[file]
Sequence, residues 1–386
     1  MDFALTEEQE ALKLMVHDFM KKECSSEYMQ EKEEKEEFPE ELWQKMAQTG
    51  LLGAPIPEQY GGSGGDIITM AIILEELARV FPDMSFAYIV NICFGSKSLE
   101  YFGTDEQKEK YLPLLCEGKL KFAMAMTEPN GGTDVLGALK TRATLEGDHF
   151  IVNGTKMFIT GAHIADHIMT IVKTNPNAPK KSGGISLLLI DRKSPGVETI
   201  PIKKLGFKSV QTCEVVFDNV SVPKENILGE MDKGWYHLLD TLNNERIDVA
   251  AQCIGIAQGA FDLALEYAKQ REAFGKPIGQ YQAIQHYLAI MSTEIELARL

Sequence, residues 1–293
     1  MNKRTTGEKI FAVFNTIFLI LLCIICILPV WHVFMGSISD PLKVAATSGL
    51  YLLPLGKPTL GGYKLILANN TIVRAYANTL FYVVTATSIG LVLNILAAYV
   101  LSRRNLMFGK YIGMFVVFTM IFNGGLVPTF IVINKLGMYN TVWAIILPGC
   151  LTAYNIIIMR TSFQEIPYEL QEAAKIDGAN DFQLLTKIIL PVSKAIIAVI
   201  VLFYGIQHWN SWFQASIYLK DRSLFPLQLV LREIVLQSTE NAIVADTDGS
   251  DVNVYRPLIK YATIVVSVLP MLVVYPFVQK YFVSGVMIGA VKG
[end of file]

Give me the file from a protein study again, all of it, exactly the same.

Sequence, residues 1–386
     1  MDFALTEEQE ALKLMVHDFM KKECSSEYMQ EKEEKEEFPE ELWQKMAQTG
    51  LLGAPIPEQY GGSGGDIITM AIILEELARV FPDMSFAYIV NICFGSKSLE
   101  YFGTDEQKEK YLPLLCEGKL KFAMAMTEPN GGTDVLGALK TRATLEGDHF
   151  IVNGTKMFIT GAHIADHIMT IVKTNPNAPK KSGGISLLLI DRKSPGVETI
   201  PIKKLGFKSV QTCEVVFDNV SVPKENILGE MDKGWYHLLD TLNNERIDVA
   251  AQCIGIAQGA FDLALEYAKQ REAFGKPIGQ YQAIQHYLAI MSTEIELARL

Sequence, residues 1–293
     1  MNKRTTGEKI FAVFNTIFLI LLCIICILPV WHVFMGSISD PLKVAATSGL
    51  YLLPLGKPTL GGYKLILANN TIVRAYANTL FYVVTATSIG LVLNILAAYV
   101  LSRRNLMFGK YIGMFVVFTM IFNGGLVPTF IVINKLGMYN TVWAIILPGC
   151  LTAYNIIIMR TSFQEIPYEL QEAAKIDGAN DFQLLTKIIL PVSKAIIAVI
   201  VLFYGIQHWN SWFQASIYLK DRSLFPLQLV LREIVLQSTE NAIVADTDGS
   251  DVNVYRPLIK YATIVVSVLP MLVVYPFVQK YFVSGVMIGA VKG